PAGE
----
Has anyone figured out a way to turn off tabs in IE11?

Discussion in 'Internet Explorer' started by XS11E, Feb 19, 2014.

  1. XS11E

    XS11E Guest

    I've Googled 'till my Google is exhausted but can't find any method
    that actually works.

    No matter what boxes I check or uncheck IE 11 keeps opening tabs, no
    matter what registry hacks I add I still get tabs!

    So back to IE 10, I'd like to update but not until I can turn off tabs.
    XS11E, Feb 19, 2014
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  2. XS11E

    VanguardLH Guest

    There is no option to disable tabbing in IE11.

    If you disable the following options, the only way to open a tab is if
    YOU choose to do so.

    Internet Options -> General tab -> Tabs

    When a popup is encountered:
    Always open popups in a new window.

    Open links from other programs in:
    A new window
    VanguardLH, Feb 19, 2014
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  3. XS11E

    XS11E Guest

    I know that, hence my post above. I'm looking for a way to do what IE
    11 won't let me do.
    I wish that were true, as I mentioned above, I've done all that but
    tabs continue to open. If you search the internet there are also
    several registry hacks but they also do NOT work, tabs still open.

    The only fix I find is going back to IE 10. I'll keep checking Google
    to see when someone finally makes IE 11 usable to me.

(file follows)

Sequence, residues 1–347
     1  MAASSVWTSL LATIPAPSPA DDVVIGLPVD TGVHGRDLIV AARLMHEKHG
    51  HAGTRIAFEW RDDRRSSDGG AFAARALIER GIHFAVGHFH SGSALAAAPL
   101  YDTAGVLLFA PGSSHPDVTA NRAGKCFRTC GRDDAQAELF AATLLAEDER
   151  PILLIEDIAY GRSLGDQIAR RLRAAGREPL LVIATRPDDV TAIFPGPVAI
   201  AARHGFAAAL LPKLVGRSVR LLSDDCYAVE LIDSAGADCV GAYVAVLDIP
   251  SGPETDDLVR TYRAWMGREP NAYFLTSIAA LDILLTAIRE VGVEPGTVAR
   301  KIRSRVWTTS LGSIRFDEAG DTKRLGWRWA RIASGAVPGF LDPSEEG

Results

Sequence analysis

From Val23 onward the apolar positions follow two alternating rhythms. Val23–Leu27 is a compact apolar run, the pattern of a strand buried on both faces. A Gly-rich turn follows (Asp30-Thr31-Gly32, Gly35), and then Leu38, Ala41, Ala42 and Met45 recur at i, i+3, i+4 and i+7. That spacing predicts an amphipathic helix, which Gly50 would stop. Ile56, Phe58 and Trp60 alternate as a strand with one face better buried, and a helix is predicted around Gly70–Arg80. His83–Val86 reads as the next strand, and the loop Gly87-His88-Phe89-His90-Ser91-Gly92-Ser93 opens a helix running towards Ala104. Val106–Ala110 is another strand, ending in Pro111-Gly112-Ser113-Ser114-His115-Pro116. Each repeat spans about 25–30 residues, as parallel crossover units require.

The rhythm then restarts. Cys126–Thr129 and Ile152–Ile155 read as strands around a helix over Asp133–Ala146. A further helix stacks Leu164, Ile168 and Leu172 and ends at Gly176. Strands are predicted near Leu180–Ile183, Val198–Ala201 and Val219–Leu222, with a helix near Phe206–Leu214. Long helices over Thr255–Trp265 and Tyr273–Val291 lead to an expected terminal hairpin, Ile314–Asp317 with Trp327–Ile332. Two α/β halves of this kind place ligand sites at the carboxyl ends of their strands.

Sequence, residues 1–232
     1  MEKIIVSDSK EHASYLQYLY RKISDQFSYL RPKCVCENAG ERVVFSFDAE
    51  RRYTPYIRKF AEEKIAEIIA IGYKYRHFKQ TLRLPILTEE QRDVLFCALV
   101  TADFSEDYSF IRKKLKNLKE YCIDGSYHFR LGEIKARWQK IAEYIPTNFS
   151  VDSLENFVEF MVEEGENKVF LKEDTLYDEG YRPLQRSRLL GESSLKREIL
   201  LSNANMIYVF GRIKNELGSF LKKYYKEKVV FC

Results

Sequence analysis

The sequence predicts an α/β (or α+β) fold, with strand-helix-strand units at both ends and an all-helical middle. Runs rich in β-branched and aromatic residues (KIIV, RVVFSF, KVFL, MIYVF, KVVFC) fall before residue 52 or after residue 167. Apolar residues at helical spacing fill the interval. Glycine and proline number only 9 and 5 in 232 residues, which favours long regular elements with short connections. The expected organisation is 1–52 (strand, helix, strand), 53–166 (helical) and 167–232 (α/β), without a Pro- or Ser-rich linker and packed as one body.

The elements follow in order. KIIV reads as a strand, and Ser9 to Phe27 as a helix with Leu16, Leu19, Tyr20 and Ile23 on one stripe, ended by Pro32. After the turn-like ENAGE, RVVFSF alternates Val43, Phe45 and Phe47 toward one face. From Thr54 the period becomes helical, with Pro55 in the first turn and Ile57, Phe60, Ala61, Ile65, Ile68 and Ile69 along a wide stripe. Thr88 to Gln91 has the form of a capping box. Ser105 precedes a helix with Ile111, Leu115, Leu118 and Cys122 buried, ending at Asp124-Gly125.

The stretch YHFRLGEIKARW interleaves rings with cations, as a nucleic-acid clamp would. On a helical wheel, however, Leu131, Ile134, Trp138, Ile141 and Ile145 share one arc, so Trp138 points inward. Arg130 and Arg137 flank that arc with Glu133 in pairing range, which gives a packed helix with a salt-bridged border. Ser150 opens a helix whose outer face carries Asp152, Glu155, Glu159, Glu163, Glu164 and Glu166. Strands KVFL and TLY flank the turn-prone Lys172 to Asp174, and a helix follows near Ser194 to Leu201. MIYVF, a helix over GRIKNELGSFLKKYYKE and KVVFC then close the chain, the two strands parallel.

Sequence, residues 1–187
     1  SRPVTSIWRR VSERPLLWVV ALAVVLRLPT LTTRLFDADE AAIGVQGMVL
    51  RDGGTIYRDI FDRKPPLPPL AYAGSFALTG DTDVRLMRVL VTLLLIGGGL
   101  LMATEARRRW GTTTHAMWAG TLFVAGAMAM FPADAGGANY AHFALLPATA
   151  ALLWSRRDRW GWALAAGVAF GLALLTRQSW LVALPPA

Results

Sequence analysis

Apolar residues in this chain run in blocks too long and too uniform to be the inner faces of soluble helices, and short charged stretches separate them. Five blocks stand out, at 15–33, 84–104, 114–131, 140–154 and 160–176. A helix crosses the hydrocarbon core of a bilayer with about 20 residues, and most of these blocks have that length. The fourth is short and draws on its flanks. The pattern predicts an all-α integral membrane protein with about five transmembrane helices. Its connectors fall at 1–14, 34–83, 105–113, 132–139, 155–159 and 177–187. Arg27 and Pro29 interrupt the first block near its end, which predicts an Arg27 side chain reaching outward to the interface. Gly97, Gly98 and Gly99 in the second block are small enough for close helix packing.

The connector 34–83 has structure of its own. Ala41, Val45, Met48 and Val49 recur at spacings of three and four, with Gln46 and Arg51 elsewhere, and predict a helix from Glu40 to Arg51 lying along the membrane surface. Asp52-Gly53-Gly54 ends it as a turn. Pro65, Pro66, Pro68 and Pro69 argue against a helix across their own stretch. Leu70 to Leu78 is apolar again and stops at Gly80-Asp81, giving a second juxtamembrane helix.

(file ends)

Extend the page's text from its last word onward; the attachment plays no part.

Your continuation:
XS11E, Feb 19, 2014
  4. XS11E

    VanguardLH Guest

    "No matter what boxes I check or uncheck" didn't tell me what you did.
    So those options didn't help. Wouldn't using them result in just
    showing a single tab? If so, even that's untolerable?
    Are you using IE under a 32- or 64-bit version Windows?
    If you're adamant on using IE (Trident rendering engine) then maybe one
    of the "wrapper" web browsers might give you the behavior you want.
    These provide a different fronted (the UI) while still using the IE libs
    in the background to connect and render. The only one that I remember
    trialing a long time back was Maxthon. Apparently the latest version
    combines both the Trident (IE) and Webkit (Chrome, Safari, Opera)
    rendering engines. I haven't bothered keeping up with the IE frontend

    Otherwise, you'll have to stay back on an older version of IE that still
    has the features or behavior that you want.
    VanguardLH, Feb 19, 2014
  5. XS11E

    XS11E Guest

    It should have since those same suggestions are all over the internet
    along with multiple comments from many users saying they don't work but
    you're right in that I could have been clearer..
    Nope, that allows IE to open dozens of tabs, it makes absolutely NO
    difference in tab behavior, no idea why?
    Absolutely. The most tabs I'll tolerate is zero!
    Im running Win7 64 bit.
    I've had few complaints with IE 10 or earlier versions, I'd like to
    upgrade to IE 11 just to keep up but since I've already determined that
    Win7 will be my last version of Windows I suppose IE 10 will have to do
    as well.
    XS11E, Feb 20, 2014
  6. XS11E

    VanguardLH Guest

    With those options set as mentioned, popups open in a new window and
    links in other programs open a new window. So the rest of the tabs are
    how you chose to load a page. How are you getting the tabs to show up?
    If you click on a hyperlink, the page shows up in the current tab, not
    in a new tab. If you right-click on a hyperlink, it's up to you whether
    the page loads in a new tab or new window. If you middle-click (or
    Ctrl+leftclick) the mouse on a hyperlink in IE (or Firefox or Chrome),
    that's a shortcut to "open in new tab". What are you doing to open all
    those other tabs?
    I asked because editing the registry for 64-bit Windows means there are
    entries for 32- and 64-bit. The hacks might have you editing in the
    wrong place. I don't know what hacks to which you refer because you